“She’s a smart, thoughtful person who thinks a lot about policy. As a policy matter, she knows the city relies on development to move forward,” said Matt Kiefer, a veteran development lawyer at Goulston & Storrs. “If you want to solve problems, you need development to pay for it.”


In an interview, Wu said she remains committed to development reform and she thinks developers are ready for it too.

“Boston has one of if not the most complex and opaque and in many ways arbitrary development approval processes anywhere in the country,” Wu said. “I have not spoken to a single developer who thinks it’s working smoothly and transparently.”

Wu said that many builders have figured out how to work the system by hiring a team of consultants and attorneys who have the right connections to City Hall. That type of process has shut out people who don’t have the same kind of resources and networks from participating in one of the city’s biggest economic engines.

“We are one of the most unequal cities in the country,” she said. “I firmly believe that one of the biggest ways we exacerbate inequities in Boston is through our development process.”

So does day one of a Wu administration mean the BPDA is gone in one fell swoop? Hardly. Reform would be gradual, Wu acknowledged. But what she will do immediately if she wins is to appoint a new chief of planning who will report directly to her.

Wu is taking a similar approach with rent control, which might be better described as rent stabilization.

She has talked about modeling Boston’s program off a law that took effect in Oregon in 2019, which caps annual rent increases at 7 percent, plus inflation. Even that could not happen overnight, because it would require state legislation to overturn the 1994 ballot initiative outlawing rent control. In the meantime, Wu’s plan to keep more residents in their homes relies on what the city has already been doing, such as using federal funds for rent relief and making housing affordable through deed restrictions and partnerships.


Essaibi George opposes rent control because she believes it could hurt the city’s economic recovery. She calls it a “failed experiment” and says she’d rather focus on creating more housing at affordable price points and more opportunities to help people own homes.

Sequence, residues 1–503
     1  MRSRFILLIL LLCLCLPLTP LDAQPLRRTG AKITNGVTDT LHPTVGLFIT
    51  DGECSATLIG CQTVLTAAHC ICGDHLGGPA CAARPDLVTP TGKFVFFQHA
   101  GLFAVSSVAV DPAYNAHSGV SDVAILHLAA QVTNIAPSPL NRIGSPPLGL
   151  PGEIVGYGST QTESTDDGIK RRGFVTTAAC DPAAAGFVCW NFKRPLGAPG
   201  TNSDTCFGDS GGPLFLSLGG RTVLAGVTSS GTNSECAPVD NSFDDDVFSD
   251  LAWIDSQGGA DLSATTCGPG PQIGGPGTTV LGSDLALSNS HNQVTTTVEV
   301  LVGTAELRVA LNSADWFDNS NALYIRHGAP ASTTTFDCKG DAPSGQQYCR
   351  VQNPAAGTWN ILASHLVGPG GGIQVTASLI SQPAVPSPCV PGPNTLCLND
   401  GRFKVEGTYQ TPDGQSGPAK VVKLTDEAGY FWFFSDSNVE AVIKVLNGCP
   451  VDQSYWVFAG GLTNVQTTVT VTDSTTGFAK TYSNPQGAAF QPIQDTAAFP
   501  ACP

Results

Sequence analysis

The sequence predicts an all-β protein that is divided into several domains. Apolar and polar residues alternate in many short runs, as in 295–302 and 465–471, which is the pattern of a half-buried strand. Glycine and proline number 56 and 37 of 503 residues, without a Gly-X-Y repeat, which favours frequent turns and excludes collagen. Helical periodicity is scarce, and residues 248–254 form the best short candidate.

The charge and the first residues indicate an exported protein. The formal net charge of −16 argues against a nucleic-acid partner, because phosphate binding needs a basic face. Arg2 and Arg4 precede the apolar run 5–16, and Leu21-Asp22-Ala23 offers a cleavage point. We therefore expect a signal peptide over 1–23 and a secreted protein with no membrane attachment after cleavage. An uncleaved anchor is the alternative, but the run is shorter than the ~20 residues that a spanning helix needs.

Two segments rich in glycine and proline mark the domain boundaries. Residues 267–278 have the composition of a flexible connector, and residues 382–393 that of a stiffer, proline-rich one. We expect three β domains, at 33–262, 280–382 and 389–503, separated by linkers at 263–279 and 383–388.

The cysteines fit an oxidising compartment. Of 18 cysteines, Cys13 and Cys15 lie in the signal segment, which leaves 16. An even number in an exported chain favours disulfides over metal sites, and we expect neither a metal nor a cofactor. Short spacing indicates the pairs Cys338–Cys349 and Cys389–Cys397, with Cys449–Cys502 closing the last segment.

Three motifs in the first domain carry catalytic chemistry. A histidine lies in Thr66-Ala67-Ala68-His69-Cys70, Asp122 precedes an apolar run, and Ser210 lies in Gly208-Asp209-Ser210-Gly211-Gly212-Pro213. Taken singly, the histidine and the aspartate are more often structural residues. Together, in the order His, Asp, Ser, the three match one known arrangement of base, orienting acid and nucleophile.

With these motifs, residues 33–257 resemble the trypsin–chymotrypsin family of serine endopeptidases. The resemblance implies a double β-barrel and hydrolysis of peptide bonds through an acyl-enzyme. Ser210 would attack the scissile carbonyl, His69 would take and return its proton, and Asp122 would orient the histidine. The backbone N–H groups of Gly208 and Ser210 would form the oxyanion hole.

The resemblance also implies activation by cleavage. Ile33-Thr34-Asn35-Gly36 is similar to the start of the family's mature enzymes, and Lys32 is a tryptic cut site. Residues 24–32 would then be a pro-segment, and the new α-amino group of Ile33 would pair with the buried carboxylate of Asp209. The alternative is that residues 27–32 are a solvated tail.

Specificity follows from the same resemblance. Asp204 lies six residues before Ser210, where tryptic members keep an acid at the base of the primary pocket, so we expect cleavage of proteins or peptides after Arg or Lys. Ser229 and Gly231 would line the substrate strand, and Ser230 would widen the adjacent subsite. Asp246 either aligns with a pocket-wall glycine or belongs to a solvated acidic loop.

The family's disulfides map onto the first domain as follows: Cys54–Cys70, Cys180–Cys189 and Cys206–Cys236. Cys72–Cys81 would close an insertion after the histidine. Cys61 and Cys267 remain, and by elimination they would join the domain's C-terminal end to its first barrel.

“It is not something that will encourage future investment, it is not something that will encourage future growth,” said Essaibi George of rent control, “and it is not something that will create jobs for our city’s residents.”

Perhaps Essaibi George’s biggest flashpoint is her husband, Douglas George, a longtime landlord and housing developer in Boston. She will have to reassure the public he won’t get special treatment if she becomes mayor. A Globe story in July raised concerns about conflicts of interest Essaibi George had as councilor with her husband’s development projects.

Since then, her campaign has hired an ethics attorney, obtained an opinion from the state Ethics Commission, and set up guard rails, pledging that he will not have direct contact with the city, such as going before the zoning board, and that she won’t be directly involved in his business, as well as designating an ombudsman.

“What we’ve put in place is a policy that goes beyond the state Ethics Commission opinion and regulation,” Essaibi George said.

In the last open mayoral race, in 2013, both Walsh and his opponent John Connolly vowed to overhaul the city’s planning and development process, a campaign promise that sent tremors through the real estate community. Once in office, Walsh quickly replaced much of the staff, commissioned audits, and rebranded the powerful agency that drives the process. The Walsh administration did more master planning, made the process more accessible to the community, set ambitious housing goals, and hired the BPDA’s first director of diversity and equity.

But if anything, the pace of building only accelerated, with Walsh — eager to hit those housing goals — approving large projects in far-flung corners of the city in a way his predecessors did not.

Perhaps this time — with the election of Boston’s first woman and first person of color as mayor — will be different. Or maybe not.

“History tells us people were scared of Marty Walsh,” said Susan Tracy, a former state legislator who serves as a consultant on development projects in Boston. “History tells us ultimately when you become the mayor of Boston you have to look at the city holistically.”

Shirley Leung is a Business columnist. She can be reached at